The Effect On The Proportion Of Women In Politics

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The Effect on Women’s Representation Since it is established that the culture of a state has an affect on the overall attitude towards women in politics, the next question remains: what effect does this have on the proportion of women getting elected? As seen in Figure 1-Attitudes and Representation, “egalitarian attitudes toward women leaders are strongly related to the proportion of women elected to the lower houses of national parliaments (r = .57; sig. = .01)” (134). The diagram essentially shows that an egalitarian culture generally leads to better representation of women in politics. Table 2-The Impact of Social, Institutional, and Cultural Factors on the Proportion of Women in Parliament further emphasizes this theory as it shows …show more content…
In post-industrial societies, different social movements created a huge divide in the attitudes of the younger generations when compared to the old (135). For example, in the twentieth century, major changes in the family, marriage, and domestic roles occurred, as a result of social reform, which led to a different view on women. This is supported by evidence, as “the traditional belief that men make better leaders than women shows a substantial generational decline in post-industrial societies” (136). With post-communist societies, the divide between the generations is not as evident. There is a more “modest” shift in views, in which the traditional attitudes of the younger generations are nearly identical to that of the older generations (136). This implies that as time elapses and modernization progresses, attitudes towards women in politics will naturally become more egalitarian in post-industrial societies; however, this does not apply to post-communist societies. In addition, as each generation progresses, women’s attitudes have become more egalitarian and men’s have remained traditional (136). Thus, demographics influence different attitudes of a …show more content…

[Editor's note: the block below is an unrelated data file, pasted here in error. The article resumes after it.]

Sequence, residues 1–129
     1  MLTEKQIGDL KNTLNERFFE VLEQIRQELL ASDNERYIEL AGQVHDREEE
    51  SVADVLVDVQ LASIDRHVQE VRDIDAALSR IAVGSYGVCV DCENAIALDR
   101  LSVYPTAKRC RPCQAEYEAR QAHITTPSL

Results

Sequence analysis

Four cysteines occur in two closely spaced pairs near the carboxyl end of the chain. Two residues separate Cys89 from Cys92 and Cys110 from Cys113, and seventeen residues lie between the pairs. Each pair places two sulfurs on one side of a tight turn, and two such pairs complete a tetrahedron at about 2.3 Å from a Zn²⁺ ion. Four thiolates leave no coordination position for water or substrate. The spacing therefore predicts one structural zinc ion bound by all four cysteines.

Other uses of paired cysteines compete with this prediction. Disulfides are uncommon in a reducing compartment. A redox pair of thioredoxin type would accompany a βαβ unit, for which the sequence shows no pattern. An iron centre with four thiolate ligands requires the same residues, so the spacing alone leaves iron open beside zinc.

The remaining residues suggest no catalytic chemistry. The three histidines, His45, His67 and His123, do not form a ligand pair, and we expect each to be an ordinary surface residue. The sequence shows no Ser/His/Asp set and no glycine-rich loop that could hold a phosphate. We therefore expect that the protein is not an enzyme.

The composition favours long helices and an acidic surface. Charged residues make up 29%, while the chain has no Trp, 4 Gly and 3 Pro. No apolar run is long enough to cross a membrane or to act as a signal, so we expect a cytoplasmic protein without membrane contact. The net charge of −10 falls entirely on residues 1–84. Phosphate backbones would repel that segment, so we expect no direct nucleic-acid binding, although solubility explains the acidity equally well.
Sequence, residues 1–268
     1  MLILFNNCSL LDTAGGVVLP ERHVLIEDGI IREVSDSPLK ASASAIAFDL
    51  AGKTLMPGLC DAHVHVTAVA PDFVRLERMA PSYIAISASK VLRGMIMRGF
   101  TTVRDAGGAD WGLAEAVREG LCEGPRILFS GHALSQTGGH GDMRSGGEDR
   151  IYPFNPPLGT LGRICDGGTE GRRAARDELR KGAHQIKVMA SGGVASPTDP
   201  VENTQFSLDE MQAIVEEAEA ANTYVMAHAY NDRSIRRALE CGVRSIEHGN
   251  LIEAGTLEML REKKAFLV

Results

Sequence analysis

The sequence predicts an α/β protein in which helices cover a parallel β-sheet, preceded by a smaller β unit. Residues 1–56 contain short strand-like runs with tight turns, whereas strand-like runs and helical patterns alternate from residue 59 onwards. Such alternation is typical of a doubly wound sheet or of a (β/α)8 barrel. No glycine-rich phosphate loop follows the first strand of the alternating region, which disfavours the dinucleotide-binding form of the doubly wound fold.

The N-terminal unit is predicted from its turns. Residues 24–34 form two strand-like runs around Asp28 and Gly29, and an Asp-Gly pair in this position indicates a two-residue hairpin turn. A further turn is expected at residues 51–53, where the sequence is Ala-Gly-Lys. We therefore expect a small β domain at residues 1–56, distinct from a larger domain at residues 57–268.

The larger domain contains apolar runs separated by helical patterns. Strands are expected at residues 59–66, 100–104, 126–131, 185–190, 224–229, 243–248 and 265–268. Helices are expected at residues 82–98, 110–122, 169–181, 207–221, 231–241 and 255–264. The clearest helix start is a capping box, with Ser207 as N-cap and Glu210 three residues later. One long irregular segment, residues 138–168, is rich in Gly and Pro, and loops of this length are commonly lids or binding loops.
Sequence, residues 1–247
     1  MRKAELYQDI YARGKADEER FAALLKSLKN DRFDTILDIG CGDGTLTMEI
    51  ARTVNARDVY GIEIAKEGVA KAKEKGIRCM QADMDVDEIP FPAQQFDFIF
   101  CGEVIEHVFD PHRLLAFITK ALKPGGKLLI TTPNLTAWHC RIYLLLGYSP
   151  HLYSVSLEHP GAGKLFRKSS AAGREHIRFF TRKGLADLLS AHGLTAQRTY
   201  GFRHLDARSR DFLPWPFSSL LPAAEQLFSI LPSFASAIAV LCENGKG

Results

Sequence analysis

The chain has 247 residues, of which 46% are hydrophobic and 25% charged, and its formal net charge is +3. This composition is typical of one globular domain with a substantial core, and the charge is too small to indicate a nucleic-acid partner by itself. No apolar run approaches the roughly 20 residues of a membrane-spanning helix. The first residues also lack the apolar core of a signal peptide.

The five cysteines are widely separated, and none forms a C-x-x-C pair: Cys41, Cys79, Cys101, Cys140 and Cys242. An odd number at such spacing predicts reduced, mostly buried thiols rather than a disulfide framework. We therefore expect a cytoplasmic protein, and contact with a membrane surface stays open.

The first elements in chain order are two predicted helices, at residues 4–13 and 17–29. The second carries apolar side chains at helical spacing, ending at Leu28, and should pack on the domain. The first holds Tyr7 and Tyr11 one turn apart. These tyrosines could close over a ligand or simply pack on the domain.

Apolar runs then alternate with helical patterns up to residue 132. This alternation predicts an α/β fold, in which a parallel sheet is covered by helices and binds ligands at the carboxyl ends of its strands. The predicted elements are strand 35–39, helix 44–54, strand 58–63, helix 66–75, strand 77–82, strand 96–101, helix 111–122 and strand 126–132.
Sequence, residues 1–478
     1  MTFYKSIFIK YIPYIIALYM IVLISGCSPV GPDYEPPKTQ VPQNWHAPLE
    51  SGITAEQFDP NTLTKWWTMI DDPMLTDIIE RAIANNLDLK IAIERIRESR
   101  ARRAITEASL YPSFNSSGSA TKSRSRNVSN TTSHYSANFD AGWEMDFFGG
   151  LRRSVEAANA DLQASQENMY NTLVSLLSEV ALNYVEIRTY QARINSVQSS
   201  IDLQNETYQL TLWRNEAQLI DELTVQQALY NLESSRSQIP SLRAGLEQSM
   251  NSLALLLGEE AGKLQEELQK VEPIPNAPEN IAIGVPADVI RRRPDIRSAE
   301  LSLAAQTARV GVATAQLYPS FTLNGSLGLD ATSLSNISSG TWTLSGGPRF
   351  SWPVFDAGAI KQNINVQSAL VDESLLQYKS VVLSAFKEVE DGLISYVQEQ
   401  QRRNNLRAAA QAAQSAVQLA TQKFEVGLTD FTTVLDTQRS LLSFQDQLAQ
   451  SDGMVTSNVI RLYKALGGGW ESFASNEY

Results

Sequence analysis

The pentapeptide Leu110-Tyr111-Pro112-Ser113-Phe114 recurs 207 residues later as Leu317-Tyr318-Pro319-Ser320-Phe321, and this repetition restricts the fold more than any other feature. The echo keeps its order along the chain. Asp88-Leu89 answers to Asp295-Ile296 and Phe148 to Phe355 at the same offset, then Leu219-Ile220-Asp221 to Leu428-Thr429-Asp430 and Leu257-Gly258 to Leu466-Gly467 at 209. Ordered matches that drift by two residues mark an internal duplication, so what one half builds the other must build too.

Although the authors provided some evidence, the idea of attitude was still left very vague. How is attitude measured? Does attitude vary depending on ethnicity or income status? There could have been more detail provided in that section. In addition, the “Inglehart–Welzel Cultural Map of the World” was limited in that only certain countries were listed. Finland was able to be analyzed based off of this graphic, but Greece was not featured at all. Although I could have assumed where Greece fell on the image based off of prior research, more countries should have been listed. Finally, the independent and dependent variables can easily get mixed up at times due to the complexity of the theory, so it would be helpful if Norris & Inglehart had that information clearly written in certain subparts of the

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